|A.K.A.||Marcy Lafferty Shatner|
|Is||Actor Stage actor Film actor|
|From||United States of America|
|Type||Film, TV, Stage & Radio|
|Birth||21 June 1946, Galveston, Galveston County, Texas, USA|
Marcy Lafferty, (born 21 June 1946) is an American actress and playwright.
Marcy Lafferty was born on June 21, 1946, in New York City, New York. Her father, Perry Lafferty, is a well-known television producer and network television executive who produced several television programs, including the CBS programs All in the Family, MASH, Maude*, and The Mary Tyler Moore Show. Her mother, Frances Carden, was a radio actress, from whom she received her first acting lessons.
Lafferty learned ballet at the American Ballet Theater in New York. She later had professional acting lessons from the renowned acting teacher Stella Adler.
She graduated from the University of Southern California, where she was a member of the Festival Theater USC-USA, which was the first American theater company to participate in the Edinburgh International Drama Festival. She stepped on the Festival Theater as "Abigail" in Arthur Miller's The Crucible; Lois in Dear Friends'Katherine in Suddenly, Last Summer; Elise and Maggie in Arthur Miller's After the Fall; and as a singer and dancer in the musical Guys and Dolls and Pal Joey. It was through this program that she met director John Edward Blankenchip, who 30 years later was instrumental in bringing her play "Vivien Leigh: The Last Press Conference" to fruition. In September 2009, she was one of the guest speakers at the memorial service for Blankenchip, who died in April 2009.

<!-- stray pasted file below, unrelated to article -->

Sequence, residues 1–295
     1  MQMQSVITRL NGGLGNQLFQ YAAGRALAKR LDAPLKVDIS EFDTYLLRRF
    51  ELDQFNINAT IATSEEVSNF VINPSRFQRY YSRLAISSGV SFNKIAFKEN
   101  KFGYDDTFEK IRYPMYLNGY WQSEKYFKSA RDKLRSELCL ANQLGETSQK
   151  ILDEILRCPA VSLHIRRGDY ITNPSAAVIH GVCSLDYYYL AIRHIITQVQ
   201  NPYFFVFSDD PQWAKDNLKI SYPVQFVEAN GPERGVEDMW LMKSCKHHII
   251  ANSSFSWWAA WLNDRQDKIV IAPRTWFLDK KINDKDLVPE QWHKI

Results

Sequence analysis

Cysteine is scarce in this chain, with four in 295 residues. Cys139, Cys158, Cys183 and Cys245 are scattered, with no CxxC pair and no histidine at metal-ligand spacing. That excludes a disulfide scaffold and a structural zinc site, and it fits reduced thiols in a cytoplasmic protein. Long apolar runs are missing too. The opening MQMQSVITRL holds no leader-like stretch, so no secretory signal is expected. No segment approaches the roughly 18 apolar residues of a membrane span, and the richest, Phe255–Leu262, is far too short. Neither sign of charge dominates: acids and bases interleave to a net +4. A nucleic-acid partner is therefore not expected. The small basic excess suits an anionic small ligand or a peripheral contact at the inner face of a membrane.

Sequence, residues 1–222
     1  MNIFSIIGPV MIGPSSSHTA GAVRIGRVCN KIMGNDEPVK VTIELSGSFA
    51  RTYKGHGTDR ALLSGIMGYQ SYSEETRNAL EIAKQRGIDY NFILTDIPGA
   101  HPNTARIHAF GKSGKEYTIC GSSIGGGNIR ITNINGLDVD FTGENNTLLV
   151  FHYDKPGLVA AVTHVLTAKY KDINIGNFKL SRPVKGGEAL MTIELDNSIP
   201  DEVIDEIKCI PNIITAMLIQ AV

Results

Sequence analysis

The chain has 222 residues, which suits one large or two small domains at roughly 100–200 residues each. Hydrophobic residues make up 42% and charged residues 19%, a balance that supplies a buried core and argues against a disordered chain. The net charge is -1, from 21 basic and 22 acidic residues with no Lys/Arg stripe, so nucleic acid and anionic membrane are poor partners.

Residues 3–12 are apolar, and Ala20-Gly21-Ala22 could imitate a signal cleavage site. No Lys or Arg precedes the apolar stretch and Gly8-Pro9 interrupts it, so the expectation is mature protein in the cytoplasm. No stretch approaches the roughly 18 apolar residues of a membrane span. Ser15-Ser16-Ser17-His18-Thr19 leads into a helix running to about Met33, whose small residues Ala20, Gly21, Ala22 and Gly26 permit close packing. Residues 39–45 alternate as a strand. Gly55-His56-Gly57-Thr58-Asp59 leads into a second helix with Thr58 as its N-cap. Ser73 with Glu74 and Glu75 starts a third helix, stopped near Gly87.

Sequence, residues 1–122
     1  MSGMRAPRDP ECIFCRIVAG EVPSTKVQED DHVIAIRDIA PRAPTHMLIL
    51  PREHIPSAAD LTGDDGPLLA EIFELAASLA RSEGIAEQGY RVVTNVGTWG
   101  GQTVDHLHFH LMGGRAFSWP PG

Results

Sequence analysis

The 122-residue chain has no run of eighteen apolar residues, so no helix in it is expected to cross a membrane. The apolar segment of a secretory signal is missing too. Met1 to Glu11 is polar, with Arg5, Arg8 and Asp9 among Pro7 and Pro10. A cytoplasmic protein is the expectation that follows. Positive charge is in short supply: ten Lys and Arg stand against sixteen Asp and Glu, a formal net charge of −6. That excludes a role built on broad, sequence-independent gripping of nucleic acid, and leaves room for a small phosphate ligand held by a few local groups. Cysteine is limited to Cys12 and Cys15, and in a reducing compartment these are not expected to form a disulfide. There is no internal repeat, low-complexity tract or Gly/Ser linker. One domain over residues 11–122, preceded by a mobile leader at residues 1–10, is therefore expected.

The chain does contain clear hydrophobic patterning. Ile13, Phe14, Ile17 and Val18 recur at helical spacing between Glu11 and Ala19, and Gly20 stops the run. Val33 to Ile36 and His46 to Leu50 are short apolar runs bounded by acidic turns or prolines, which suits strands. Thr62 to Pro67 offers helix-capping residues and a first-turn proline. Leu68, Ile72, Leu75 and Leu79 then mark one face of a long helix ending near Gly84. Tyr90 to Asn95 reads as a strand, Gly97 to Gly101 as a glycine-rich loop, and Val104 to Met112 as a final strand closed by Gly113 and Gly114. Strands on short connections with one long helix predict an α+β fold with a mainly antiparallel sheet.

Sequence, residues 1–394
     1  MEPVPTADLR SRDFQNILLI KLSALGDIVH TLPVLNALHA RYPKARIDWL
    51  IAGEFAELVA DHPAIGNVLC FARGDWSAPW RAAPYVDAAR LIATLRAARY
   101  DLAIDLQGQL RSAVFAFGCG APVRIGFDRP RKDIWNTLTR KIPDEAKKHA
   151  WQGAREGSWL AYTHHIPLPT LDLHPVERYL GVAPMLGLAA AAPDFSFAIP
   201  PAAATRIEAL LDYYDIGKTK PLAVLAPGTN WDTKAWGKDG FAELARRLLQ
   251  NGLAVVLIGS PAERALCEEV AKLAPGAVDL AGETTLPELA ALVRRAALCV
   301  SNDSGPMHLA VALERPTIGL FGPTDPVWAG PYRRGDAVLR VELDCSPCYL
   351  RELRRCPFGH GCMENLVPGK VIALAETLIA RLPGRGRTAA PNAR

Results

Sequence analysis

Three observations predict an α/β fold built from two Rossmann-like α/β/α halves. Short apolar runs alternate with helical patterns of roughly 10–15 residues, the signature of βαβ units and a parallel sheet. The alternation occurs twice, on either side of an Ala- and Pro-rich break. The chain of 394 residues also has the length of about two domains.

Lafferty was seen internationally in over 60 plays. These included, among other plays, Otherwise Engaged by Simon Gray in 1978 (as "Divina Saunders") and Tennessee Williams' The Cat on the Hot Tin Roof 1981, with William Shatner as actor and director, in Los Angeles.
Lafferty was in the role of "Portia" in Richard Greenberg's play The Author's Voice at the Stella Adler Theater in Los Angeles. In 1991, she toured with her then-husband William Shatner with the play Love Letters.
She wrote, directed, and starred in short film Vivien: The Movie, The Marriage, The Madness. This film gave rise to the idea for a play titles Vivien Leigh: The Last Press Conference — a one-person play that Lafferty wrote herself. The first performance took place in the summer of 1997 at Drummond Theater in Edinburgh as part of the Edinburgh International Fringe Festival instead. 1998 saw performances of the play at the Tiffany Theater in Los Angeles, Theater LaB in Houston, and Scene Dock Theatre in Los Angeles. From autumn 2000, Lafferty went on tour with the piece.
In 2001, Lafferty performed Vivien in London, which was also reviewed in the New York Times. In 2004, she took the play to the Off-Broadway 59E59 Theaters in New York City.
In 2007, she made a guest appearance with Vivien at Spindletop Hall in Lexington, Kentucky. In April 2010, Italian actress Catherine Spaak performed the role of Vivien at the Teatro Eliseo in Rome, Italy. French actress Caroline Silhol also performed the role in 2009.